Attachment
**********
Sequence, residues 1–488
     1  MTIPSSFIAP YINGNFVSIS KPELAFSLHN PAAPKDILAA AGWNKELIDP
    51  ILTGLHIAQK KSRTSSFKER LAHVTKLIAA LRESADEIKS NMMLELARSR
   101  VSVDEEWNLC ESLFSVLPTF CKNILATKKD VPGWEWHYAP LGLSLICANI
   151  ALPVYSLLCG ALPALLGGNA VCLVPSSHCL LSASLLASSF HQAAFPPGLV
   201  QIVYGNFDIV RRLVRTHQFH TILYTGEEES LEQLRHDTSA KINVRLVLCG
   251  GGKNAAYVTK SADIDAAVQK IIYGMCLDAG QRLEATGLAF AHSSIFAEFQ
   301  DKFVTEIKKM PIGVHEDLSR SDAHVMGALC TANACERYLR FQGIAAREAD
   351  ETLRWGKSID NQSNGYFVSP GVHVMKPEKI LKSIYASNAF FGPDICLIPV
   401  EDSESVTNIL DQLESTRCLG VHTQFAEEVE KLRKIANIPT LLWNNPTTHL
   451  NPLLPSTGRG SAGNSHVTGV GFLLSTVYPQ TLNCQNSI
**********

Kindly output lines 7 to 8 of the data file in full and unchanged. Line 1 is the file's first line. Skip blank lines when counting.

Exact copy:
   251  GGKNAAYVTK SADIDAAVQK IIYGMCLDAG QRLEATGLAF AHSSIFAEFQ
   301  DKFVTEIKKM PIGVHEDLSR SDAHVMGALC TANACERYLR FQGIAAREAD